MCC besieges NewDawn Newspaper
Amid a challenging economy that has paralyzed businesses in the country, including media houses, police from the Monrovia City Corporation momentarily shut down offices of The NewDawn for annul municipal tax on Thursday.
A group of City Police officers Thursday, August 05, 2021 besieged offices of the paper on UN Drive opposite the National Investment Commission (NIC) in Central Monrovia and momentarily placed padlock on the iron doors to the entrance of the building, instructing staff to stay away.
Unfortunately, neither the managing editor Mr. Othello B. Garblah nor anyone from the Business Office was in the office at the time.
The group of City Police officers, comprising three males and a female, behaved very unprofessionally, engaging the entire staff of the paper in acrimonious argument.
Effort by the Editor [writer of this article] to intervene went unheeded, as the City Police officers insisted on shutting down the premises unless someone from the Business Office could appear and comment.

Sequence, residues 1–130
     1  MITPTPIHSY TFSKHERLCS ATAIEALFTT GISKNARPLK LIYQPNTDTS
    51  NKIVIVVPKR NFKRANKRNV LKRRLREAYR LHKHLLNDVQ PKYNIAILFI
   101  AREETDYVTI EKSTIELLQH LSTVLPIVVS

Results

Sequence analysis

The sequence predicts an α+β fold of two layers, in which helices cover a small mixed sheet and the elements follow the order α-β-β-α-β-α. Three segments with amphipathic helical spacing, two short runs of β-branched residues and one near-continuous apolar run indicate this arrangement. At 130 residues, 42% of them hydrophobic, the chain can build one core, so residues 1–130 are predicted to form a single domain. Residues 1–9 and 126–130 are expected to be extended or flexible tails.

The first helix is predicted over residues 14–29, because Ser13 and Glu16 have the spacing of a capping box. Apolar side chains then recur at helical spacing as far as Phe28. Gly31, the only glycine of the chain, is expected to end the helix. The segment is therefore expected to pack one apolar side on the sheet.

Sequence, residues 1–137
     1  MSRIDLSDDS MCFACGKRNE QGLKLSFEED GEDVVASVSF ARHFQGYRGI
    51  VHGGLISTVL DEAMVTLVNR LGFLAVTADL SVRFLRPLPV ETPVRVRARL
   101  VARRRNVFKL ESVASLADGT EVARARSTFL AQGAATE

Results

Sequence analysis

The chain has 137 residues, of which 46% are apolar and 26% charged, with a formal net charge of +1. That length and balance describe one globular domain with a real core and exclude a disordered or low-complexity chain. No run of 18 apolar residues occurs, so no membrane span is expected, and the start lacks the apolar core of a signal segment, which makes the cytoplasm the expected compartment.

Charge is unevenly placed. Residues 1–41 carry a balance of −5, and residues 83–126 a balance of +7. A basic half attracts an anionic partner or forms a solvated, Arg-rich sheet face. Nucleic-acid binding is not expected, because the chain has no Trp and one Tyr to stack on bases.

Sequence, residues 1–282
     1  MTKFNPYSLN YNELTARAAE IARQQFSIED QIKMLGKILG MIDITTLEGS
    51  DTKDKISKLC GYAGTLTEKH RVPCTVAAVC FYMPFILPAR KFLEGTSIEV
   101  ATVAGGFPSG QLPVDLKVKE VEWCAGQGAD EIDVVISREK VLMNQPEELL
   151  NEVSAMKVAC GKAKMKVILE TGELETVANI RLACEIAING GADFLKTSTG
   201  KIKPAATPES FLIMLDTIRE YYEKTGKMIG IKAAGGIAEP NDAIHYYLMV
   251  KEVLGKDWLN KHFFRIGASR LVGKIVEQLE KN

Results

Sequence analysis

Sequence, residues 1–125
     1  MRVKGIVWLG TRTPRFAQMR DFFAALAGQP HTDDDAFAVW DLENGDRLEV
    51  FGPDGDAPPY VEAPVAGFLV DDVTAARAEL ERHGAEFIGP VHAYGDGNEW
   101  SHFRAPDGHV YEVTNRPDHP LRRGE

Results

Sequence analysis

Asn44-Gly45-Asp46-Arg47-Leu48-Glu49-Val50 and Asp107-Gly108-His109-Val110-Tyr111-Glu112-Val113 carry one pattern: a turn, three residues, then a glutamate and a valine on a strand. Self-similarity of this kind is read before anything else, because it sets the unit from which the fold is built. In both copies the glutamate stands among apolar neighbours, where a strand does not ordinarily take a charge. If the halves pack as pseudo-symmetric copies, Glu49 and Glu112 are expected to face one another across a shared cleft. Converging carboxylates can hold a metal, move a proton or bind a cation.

In a subsequent phone call placed to the Head of the Business Office, Ms Piso G. Carter, who was out, confirmed to the officer leading the team that the MCC has been bringing documents to the entity, asking for annual municipal tax clearance.
Ms. Carter then asked the City Police officers to come back, as she was indisposed.
While the phone conversation was ongoing between the Head of the Business Office and the senior city police officer, other officers who accompanied the team, engaged rest of the New Dawn staff in bitter argument, saying they have strict instructions to close down any business entity operating within the municipal city that is not in compliance.
“Why a reputable newspaper like the New Dawn is not paying tax”, one of the male officers asked and maintained they were waiting for final instructions to seal the office.
When this writer tried to explain that abruptly or forcefully closing down a business office should not be the first option, they became further enraged. However, the senior officer who led the team, understood and asked fellow members to leave.
Legitimate business houses are not refusing to pay taxes, but when the business environment is challenged by lack of sales, particularly coupled with the government’s indebtedness to media houses for services rendered like is the reality in Liberia, it becomes not only frustrating but very strenuous. Story by Jonathan Browne